“Our goal is to continue a mission of outreach to community leaders, educators and health care workers,” Carson said. “Essentially all citizens who share our belief that improving the lives of children and families will produce a better, healthier and more prosperous state in the future.”
Kids Count 2013
The January spotlight at the SSRC takes a look at what Kids Count has in store for 2013.
SSRC Chronicles: November/December 2012
Mississippi KIDS COUNT is housed within the Family & Children Research Unit (FCRU) at the Social Science Research Center. The program is part of National KIDS COUNT network with grantees working in 50 states and is coordinated by the Annie E. Casey Foundation. Mississippi KIDS COUNT provides data, statistics and original research about the health, education, safety and well-being of children. This information goes to policymakers, educators, program administrators, parents, caregivers, advocates and the general public. Mississippi KIDS COUNT also provides an annual forum for interested stakeholders to share challenges and solutions to the problems facing Mississippi’s children and communities.
Free Access & Reliable Data
Our National KIDS COUNT data center provides state rankings for four domains: Economic Well-Being, Education, Health and Family & Community. This Youth & Work policy report was released in December.
The Year Ahead
As the nation slowly recovers from the economic recession, attention focuses on the challenges young people face to secure a promising future. Mississippi KIDS COUNT will spend the next year highlighting data and research focused on the economic well-being of children and families across the state. We all play a role in identifying challenges and sharing solutions for a better Mississippi.
Look for the 2013 Mississippi KIDS COUNT Data Book release on Jan. 31, 2013, at the Mississippi State Capitol. In the morning, the Data Book will be presented to the state Legislature. Celebrate with us that evening at the Mississippi Children’s Museum for our Light Up The Night benefit dinner honoring our inaugural Luminary Award recipient, former Gov. William Winter, and the 2013 Success Story winners.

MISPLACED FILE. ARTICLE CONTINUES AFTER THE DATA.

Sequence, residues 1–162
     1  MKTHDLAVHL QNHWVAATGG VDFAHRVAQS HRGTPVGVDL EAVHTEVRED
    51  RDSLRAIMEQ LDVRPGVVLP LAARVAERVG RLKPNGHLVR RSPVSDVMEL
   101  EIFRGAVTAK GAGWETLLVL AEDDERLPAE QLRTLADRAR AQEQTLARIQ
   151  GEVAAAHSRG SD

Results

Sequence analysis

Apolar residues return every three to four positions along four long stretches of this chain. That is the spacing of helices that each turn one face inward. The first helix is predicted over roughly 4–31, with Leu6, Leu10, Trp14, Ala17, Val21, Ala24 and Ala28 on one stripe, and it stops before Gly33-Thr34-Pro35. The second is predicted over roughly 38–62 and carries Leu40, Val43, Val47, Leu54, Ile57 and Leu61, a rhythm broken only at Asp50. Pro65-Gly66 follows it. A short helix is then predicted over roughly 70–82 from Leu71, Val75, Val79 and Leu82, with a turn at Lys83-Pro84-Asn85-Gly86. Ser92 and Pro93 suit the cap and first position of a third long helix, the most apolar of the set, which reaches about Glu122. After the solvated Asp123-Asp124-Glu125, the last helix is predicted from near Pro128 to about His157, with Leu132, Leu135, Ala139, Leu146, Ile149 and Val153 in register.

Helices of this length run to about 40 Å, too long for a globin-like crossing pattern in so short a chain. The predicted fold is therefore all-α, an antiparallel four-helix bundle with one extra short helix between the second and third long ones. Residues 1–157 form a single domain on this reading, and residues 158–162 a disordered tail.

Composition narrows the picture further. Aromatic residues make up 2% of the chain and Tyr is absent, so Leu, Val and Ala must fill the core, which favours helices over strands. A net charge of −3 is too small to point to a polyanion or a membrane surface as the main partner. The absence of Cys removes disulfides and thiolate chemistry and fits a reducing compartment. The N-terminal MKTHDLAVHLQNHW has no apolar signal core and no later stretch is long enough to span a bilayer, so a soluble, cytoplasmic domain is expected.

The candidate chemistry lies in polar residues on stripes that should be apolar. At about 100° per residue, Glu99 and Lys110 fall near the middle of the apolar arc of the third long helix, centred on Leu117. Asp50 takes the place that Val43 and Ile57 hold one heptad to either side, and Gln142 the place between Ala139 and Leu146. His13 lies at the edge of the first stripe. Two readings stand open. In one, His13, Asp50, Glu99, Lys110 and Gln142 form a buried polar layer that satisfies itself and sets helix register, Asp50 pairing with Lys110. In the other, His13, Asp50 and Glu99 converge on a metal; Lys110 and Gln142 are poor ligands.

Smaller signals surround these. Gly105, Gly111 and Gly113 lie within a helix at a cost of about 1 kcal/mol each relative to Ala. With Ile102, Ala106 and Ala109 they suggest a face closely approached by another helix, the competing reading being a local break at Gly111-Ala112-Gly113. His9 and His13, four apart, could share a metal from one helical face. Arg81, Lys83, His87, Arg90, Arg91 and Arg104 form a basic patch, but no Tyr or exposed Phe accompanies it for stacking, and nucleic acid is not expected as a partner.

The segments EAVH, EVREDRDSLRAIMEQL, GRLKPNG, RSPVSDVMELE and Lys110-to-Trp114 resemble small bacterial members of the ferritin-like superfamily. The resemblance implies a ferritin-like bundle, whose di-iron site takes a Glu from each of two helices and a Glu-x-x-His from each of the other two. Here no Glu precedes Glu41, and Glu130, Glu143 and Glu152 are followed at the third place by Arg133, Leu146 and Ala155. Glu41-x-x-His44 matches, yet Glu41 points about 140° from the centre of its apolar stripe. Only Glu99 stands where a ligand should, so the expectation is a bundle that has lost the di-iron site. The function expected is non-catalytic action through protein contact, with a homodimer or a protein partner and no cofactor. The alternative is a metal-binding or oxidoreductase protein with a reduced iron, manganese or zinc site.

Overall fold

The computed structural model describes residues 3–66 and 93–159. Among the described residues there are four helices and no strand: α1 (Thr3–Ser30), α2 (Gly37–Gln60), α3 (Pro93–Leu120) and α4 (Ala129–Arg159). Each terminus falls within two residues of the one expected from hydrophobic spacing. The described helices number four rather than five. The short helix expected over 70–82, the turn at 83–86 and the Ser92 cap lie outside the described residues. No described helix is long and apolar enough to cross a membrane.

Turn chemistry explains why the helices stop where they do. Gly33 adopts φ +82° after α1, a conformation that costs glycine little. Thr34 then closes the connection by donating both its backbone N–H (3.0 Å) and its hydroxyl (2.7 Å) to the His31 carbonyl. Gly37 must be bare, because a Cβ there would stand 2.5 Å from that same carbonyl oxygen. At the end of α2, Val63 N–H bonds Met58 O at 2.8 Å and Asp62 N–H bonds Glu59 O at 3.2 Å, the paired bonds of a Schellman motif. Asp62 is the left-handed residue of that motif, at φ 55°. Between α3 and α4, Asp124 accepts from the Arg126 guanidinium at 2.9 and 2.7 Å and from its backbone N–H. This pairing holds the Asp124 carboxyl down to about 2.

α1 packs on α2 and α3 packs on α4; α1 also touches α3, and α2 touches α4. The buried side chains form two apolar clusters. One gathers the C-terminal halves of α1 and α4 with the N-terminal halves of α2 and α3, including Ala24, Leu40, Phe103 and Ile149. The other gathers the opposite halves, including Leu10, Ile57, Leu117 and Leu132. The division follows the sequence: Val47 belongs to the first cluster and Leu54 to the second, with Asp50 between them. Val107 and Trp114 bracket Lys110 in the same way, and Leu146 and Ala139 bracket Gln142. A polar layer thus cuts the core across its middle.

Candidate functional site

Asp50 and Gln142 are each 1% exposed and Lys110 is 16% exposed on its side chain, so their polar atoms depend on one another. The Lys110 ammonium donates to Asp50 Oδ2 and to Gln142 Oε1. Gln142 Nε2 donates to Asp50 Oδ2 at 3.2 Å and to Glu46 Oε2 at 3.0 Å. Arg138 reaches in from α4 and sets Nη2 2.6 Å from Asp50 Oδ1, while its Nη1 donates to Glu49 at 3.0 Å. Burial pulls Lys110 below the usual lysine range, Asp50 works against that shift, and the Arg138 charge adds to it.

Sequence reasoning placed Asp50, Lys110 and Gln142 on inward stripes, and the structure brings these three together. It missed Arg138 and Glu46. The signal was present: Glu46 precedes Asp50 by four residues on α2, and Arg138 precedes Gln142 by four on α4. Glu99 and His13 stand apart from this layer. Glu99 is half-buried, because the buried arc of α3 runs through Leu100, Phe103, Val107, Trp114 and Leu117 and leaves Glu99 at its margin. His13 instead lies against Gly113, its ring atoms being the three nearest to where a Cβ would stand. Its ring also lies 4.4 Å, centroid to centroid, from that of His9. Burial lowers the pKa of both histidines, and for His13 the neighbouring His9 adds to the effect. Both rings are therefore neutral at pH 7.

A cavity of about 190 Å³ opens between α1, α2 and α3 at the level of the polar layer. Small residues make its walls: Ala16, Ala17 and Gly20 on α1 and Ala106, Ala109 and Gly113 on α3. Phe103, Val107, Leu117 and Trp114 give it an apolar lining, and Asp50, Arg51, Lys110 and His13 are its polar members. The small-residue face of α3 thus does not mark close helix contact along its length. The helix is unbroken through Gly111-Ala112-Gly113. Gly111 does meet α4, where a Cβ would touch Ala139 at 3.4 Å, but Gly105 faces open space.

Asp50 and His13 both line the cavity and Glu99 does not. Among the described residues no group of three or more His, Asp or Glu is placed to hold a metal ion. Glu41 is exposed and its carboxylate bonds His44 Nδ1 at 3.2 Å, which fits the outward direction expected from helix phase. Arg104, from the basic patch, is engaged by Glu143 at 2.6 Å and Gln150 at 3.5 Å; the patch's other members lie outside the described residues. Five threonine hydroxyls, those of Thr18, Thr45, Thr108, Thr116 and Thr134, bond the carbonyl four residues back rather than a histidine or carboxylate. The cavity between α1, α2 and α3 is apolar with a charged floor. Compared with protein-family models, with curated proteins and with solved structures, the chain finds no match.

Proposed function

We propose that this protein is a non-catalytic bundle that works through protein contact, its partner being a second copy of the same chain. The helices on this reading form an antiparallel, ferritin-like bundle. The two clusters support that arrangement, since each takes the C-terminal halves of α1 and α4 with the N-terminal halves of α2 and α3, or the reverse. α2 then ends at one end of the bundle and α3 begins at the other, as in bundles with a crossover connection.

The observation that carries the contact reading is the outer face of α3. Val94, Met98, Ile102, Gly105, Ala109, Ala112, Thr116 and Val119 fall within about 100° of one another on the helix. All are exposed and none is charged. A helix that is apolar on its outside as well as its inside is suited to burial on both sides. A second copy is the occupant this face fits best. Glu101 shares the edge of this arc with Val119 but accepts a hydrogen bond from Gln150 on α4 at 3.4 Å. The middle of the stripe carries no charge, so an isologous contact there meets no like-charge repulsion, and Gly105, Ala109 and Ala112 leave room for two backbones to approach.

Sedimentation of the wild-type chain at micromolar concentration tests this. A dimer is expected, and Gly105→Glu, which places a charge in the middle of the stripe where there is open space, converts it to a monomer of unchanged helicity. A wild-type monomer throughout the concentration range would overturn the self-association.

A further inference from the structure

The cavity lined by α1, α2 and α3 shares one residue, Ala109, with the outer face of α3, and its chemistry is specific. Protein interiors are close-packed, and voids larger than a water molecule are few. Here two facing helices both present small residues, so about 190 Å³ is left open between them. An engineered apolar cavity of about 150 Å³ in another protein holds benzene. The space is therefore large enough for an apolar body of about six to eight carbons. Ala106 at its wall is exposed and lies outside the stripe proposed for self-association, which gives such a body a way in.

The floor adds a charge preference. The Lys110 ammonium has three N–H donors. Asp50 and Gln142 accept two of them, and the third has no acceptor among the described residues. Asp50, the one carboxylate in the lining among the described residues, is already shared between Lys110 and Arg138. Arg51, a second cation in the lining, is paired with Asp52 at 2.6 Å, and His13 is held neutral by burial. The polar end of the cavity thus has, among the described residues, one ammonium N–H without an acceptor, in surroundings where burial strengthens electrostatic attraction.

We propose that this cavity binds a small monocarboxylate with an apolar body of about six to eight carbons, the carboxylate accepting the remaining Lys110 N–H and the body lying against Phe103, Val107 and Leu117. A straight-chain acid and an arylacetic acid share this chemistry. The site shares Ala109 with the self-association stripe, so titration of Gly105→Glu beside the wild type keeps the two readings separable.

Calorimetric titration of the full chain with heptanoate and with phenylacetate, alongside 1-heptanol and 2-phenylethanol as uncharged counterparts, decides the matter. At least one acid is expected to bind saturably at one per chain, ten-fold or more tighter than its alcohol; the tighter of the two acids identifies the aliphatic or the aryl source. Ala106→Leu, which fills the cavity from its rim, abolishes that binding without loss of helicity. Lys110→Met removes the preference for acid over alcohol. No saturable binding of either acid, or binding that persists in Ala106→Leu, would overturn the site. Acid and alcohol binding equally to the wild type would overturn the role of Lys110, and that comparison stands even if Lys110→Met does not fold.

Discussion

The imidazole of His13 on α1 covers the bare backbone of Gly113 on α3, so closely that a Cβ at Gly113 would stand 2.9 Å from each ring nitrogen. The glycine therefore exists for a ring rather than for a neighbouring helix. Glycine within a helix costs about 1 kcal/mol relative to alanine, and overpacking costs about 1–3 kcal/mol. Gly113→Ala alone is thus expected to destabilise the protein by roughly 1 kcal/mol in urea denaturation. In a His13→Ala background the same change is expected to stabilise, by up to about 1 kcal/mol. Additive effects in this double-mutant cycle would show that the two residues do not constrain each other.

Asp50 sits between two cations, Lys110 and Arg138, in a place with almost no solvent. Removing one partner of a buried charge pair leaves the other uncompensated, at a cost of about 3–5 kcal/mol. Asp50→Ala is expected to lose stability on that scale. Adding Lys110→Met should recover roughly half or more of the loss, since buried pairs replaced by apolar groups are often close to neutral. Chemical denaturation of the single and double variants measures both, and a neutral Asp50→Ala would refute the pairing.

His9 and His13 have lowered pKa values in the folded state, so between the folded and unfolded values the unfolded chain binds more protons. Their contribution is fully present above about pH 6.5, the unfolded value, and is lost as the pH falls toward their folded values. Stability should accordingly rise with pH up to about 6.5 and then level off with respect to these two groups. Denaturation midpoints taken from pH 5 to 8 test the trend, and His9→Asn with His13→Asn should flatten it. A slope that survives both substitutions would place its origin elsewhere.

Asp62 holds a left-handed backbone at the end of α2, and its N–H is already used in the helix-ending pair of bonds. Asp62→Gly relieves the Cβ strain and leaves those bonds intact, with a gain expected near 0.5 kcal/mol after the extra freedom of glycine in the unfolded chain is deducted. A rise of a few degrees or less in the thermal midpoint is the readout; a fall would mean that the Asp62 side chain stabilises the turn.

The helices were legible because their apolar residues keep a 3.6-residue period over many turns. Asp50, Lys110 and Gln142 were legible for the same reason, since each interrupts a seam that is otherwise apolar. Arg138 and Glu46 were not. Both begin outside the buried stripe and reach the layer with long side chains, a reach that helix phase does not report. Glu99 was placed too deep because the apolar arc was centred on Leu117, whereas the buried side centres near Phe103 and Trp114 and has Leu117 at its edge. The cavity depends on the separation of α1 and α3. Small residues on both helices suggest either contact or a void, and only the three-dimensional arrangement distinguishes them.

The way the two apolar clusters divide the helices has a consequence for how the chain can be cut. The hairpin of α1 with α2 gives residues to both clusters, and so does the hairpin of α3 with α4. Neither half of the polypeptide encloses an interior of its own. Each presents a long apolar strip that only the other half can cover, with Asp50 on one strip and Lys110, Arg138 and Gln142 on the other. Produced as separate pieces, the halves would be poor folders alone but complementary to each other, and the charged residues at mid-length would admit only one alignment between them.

Save These Dates
Lead Off Banquet- Hit a home run this holiday season – buy tickets for this family-friendly dinner and auction! Special guest John Cohen, Mississippi State University’s head baseball coach, will start the evening off with a meet and greet on Jan. 14, 2013, at 5 p.m. Youth tickets are $25 and adult tickets are $50. Details & Tickets
Light Up The Night Benefit Dinner- Celebrate our Luminary Award recipient, former Gov. William Winter, and our 2013 Success Story and Program of Promise winners on Jan. 31, 2013. Tickets are $150 per guest or $1,000 for a table of eight guests. Seating is limited to 160 guests. Sponsorships Available. Details & Tickets
2013 MS KIDS COUNT Summit- On Feb. 22, 2013, the summit will focus on economic well-being and include Youth Track. See the SSRC Chronicles MS KIDS COUNT Spotlight Event in this edition. Details & Registration
Ms. Emily Thomas, third-year medical student at the Yale School of Medicine, visited the SSRC to discuss a possible fourth-year research internship at the Center.
Ms. M. Maya McDoom, from Boston University’s School of Public Health, visited the campus of Mississippi State University on Dec. 17-18 as a post-doctoral candidate. The Harvard School of Public Health and the Social Science Research Center hosted her jointly.